Often, in Mumbai, it is one pioneering commercial or residential building that spurs the transformation of a locality. In Ghodbunder, however, the credit goes to a man and the road he transformed.
That man was then Thane Municipal Corporation Commissioner T Chandrasekhar and the road he changed beyond recognition is Ghodbunder Road.
It was the bulldozers commandeered by the Demolition Master (as Chandrasekhar was nicknamed then) that cleared the way for what was once a congested traffic nightmare called Ghodbunder Road to be transformed into a four-lane thoroughfare. After that demolition drive in 1998, the concretisation of the road, four years ago, has been the icing on the cake.
And Ghodbunder, which gets its name from a once-famous port for horses (ghod = horse and bunder = port), now houses glitzy malls and massive housing complexes and sees thousands of cars whiz past every day.
Standing at the Wonder Mall, Jayant Chheda (45) points at the thoroughfare. “This road was once a mere 40 feet wide. Chandrasekhar made it into the 160 foot-wide, well-laid out road you see today,” says Chheda, a businessman. One of the reasons the transformation of the road led to large-scale development is that it links Thane to National Highway No: 8, that runs from Mumbai to Ahmedabad.
Chandrasekhar, who later quit the IAS to join politics, is still remembered in Ghodbunder. Anybody you ask will tell you that it is all thanks to him that Thane and Ghodbunder have changed for the better.
Even those who were dislodged by him have something good to say about the ex-Commissioner. Like Rajendra Prasad Gaur (40), who worked at one of the unauthorised garages along Ghodbunder Road that were razed by the former Thane civic chief. “No autorickshaw driver would venture into Ghodbunder after sunset. This place was a jungle,” he says of Ghordbunder barely 10 years ago. Gaur now runs a small stall selling cigarettes and mints outside the Hiranandani Estate, one of the many well laid-out townships that are fast rising against the Ghodbunder skyline.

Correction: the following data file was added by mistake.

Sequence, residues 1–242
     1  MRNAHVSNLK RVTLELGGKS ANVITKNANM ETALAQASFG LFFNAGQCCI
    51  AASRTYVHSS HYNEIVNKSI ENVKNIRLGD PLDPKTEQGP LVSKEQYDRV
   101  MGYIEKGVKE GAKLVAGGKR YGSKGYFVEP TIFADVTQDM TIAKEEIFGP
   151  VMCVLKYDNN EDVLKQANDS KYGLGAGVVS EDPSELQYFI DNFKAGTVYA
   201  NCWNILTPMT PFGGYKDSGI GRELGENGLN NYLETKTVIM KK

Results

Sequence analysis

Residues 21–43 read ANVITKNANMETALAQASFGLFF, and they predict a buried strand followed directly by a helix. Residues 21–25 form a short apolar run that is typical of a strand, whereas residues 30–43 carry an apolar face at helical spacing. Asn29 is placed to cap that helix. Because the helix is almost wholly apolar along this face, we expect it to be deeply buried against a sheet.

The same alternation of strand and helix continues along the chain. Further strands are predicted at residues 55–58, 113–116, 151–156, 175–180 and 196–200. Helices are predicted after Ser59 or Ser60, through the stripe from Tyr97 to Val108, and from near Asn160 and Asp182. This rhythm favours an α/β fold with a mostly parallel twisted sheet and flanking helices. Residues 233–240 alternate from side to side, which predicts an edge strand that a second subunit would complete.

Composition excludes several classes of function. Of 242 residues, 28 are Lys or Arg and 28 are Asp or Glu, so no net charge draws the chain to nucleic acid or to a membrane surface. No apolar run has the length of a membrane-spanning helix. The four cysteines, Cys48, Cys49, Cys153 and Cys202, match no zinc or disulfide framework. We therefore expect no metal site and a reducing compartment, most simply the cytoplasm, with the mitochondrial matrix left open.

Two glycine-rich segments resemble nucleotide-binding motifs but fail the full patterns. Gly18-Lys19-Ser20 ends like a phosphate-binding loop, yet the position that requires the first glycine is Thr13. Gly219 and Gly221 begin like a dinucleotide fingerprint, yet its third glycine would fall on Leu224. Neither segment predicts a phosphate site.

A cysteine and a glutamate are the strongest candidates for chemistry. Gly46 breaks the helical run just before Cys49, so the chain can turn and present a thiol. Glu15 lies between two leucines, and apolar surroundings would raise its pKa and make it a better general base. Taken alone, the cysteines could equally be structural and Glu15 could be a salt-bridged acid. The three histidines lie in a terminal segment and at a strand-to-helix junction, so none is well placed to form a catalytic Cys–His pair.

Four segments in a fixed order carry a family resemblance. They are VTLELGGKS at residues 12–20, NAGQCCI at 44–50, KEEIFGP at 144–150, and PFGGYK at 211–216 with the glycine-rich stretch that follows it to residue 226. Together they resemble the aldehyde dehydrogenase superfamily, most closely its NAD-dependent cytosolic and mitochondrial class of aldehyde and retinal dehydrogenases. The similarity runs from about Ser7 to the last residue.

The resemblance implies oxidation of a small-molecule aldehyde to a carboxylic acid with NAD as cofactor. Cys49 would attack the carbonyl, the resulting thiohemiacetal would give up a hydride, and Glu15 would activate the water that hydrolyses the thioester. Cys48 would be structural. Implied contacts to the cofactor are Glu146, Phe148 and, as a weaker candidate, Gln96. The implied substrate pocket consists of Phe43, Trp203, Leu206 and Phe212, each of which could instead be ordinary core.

Inside the Hiranandani Estate you’ll find yourself in a township with wide roads, manicured lawns, clean pavements and a serenity that is difficult to imagine in the metropolis. The complex is self-sufficient, with residential and office complexes, schools, hospitals, a clubhouse, playgrounds and shopping complexes.
It is with the promise of a clean, well-planned township that the big builders —Lodha, Rustomjee and Hiranandani — are luring buyers here. And many Mumbaikars are dropping by to check out the place, says Rajkumar Tiwari (23), an autorickshaw driver who often ferries visitors to these places. Tiwari has the route down pat: He takes you to Hiranandani Estate, the Vijaynagari and Brahmaand residential complexes and then to the Lodha and Rustomjee properties.
But the downside of this excellent road is that vehicles, heavy ones in particular, coming from the port, slow down traffic during peak hours. “It sometimes takes 45 minutes to get to the station,” says Ramesh Mahadeo, 38, who lives in Brahmaand housing colony.
With development, the property rates have soared. At the top end, residential property in Hiranandani Estate that fetched Rs 1,200 per sq ft in 2001 is now going for Rs 6,500. But on an average the going rate is Rs 3,000 to Rs 5,000 per sq feet. Commercial property comes with a price tag of Rs 15,000 t0 20,000 per sq ft.
With three new malls and residential towers under way those rates look set to go up some more.
A weekly column that looks at how a pioneering or iconic structure has changed the face of a locality.